Alumni Interview: Darlene Munro
Year of Graduation
Why did you choose your program at UBC and what did you enjoy most about it?
I always knew I wanted to be a teacher, French is a high demand subject, and I already had 12 years of experience with the French language so it made the most sense financially. I was introduced to some really beautiful literature throughout my French minor.
As for history, I went into my degree thinking I would either major in English or history as they were both subjects that I adored and that I had excelled at in high school. In my first year, I discovered I absolutely loathed analyzing literature and started trying to analyze the historical influences behind it instead (I prefer the reading side of literature). I loved writing history papers and learning new things. I was actually accepted into history honours because I was so excited by history that I wanted to write a thesis paper. I ended up withdrawing my acceptance when I realized how much of that path would be devoted to methodology and historiography classes, instead of history classes.
I chose to do my second degree at UBC because I already had experience at the university and their education program was one of the highest ranked in Canada.
What were some of your most meaningful experiences at UBC?
My most meaningful experiences happened during my first degree with all of the wonderful people I had the opportunity to meet. I met one of my closest friends in a lecture in my second year. I got the opportunity to fall in, and then out of, love. I got to learn a lot about myself during this time. I also got to meet so many people from different parts of the world and learn from them.
What choices did you make at UBC that contributed to your career success / journey?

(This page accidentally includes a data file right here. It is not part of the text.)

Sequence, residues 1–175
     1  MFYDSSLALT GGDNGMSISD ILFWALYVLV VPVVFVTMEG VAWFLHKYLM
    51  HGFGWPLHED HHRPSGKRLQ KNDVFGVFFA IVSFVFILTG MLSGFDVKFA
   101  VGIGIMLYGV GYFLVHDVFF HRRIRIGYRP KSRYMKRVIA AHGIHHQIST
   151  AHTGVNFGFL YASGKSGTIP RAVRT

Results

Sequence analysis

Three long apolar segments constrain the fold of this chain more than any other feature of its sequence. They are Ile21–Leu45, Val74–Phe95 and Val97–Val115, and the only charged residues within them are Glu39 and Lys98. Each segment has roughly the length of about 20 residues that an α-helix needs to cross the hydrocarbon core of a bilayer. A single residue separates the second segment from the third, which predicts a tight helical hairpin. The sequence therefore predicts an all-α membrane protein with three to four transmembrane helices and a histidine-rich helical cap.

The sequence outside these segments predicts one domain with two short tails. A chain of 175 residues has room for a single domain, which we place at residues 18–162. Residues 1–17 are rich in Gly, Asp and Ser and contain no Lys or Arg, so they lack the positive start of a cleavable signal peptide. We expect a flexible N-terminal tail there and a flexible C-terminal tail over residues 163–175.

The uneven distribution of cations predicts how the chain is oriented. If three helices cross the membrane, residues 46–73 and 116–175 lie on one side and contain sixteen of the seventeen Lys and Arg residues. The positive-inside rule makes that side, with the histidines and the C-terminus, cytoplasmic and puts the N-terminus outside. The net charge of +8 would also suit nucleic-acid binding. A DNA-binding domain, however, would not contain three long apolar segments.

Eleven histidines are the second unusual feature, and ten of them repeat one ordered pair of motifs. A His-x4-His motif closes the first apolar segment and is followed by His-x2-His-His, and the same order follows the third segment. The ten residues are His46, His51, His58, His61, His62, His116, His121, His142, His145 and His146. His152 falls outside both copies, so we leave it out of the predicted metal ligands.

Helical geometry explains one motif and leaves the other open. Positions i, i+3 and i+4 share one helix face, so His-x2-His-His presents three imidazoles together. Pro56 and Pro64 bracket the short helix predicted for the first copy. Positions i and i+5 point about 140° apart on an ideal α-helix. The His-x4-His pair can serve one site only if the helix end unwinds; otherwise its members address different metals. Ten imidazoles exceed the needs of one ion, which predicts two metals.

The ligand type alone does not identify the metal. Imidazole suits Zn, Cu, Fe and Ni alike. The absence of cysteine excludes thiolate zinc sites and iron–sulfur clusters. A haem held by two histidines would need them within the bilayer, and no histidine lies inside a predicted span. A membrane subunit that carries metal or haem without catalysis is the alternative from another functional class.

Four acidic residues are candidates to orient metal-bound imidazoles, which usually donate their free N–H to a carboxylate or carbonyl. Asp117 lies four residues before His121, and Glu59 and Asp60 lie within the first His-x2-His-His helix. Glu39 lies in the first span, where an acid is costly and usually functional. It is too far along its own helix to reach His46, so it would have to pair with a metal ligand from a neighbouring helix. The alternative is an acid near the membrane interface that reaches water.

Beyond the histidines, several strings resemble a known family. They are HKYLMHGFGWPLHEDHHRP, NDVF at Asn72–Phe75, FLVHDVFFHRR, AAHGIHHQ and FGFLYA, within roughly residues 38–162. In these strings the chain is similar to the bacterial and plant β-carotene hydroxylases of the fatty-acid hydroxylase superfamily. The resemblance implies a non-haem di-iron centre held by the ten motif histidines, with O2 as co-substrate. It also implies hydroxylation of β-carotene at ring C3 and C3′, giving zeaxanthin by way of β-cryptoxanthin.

Arts One has greatly influenced me in the years since I finished that program. My writing skills were challenged and elevated because of that program and I was introduced to the value of many different forms of literature, including those I would not have normally chosen for my own personal enjoyment: classic literature, philosophical literature, different types of historical fiction, newer fiction, and so much more.
What was your first job after graduation and what other jobs did you have before your current position?
After graduating with an Arts degree, I was presented with the opportunity to go assist in English language classes in France. The opportunity to live abroad and get paid for it was amazing. Since attaining my Education degree, I have held a temporary French contract in North Vancouver, and am now working as a substitute teacher for a district in the Okanagan Valley, as well as teaching dance at a local studio.
Is your current career path as you originally intended? What challenges did you face in launching your career?
I have known my career path since I was a small child. I was lucky that when I entered the teaching profession, it was a time when teachers were desperately needed.
What do you like about your current job and what do you find challenging? How does it relate to your degree?
Currently I am working as a substitute teacher in high school and middle schools, and as a dance teacher for elementary age students. I love getting to meet so many different students from all ages and all walks of life. It can be challenging with the lack of consistency but I am learning to love the different challenges that each day brings.
From your experience, what has been the value of having an Arts degree?
My Arts degree has been the stepping stone for so many different opportunities. It has provided me with a solid foundation of knowledge for teaching, an appreciation for literature, politics, and learning, as well as opportunities to travel and explore.
What advice would you give to students and alumni interested in breaking into your industry?
It is going to take a while and you need to be willing to pay your dues. Always be open to learning from everyone around you, including fellow teachers and students.